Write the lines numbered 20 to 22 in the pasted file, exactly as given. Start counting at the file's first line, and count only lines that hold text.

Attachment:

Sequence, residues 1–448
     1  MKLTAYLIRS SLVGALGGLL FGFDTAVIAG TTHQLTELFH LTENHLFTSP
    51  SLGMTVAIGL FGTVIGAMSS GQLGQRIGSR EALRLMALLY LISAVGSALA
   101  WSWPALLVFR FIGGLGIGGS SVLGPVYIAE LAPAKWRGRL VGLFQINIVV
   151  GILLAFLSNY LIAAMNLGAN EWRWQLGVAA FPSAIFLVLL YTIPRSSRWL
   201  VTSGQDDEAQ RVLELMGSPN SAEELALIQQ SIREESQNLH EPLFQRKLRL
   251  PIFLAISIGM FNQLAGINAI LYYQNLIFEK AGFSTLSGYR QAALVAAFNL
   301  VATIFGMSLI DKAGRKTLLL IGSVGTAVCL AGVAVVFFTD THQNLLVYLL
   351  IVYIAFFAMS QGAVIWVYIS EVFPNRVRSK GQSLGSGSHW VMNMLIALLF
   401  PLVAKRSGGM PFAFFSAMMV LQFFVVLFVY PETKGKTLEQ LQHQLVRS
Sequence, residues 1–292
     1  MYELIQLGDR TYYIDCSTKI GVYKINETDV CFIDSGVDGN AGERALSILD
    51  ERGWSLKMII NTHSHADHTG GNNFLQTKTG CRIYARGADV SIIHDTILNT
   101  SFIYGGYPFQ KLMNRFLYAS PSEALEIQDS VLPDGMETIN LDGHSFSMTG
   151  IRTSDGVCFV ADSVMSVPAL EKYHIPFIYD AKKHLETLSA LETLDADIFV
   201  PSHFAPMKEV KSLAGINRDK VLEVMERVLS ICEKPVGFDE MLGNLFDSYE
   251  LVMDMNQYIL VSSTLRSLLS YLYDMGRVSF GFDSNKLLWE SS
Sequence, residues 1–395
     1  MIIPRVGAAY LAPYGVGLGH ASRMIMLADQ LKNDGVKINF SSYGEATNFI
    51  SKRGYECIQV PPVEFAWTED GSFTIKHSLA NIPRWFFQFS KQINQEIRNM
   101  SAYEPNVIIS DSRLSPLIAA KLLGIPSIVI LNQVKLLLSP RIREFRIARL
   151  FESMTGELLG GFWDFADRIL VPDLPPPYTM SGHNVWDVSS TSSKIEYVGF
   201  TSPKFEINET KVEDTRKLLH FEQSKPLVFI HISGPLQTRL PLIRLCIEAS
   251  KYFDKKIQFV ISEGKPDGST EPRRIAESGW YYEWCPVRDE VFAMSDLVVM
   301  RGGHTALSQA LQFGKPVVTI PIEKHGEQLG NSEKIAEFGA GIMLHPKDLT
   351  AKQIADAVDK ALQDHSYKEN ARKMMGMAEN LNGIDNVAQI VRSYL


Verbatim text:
    51  SKRGYECIQV PPVEFAWTED GSFTIKHSLA NIPRWFFQFS KQINQEIRNM
   101  SAYEPNVIIS DSRLSPLIAA KLLGIPSIVI LNQVKLLLSP RIREFRIARL
   151  FESMTGELLG GFWDFADRIL VPDLPPPYTM SGHNVWDVSS TSSKIEYVGF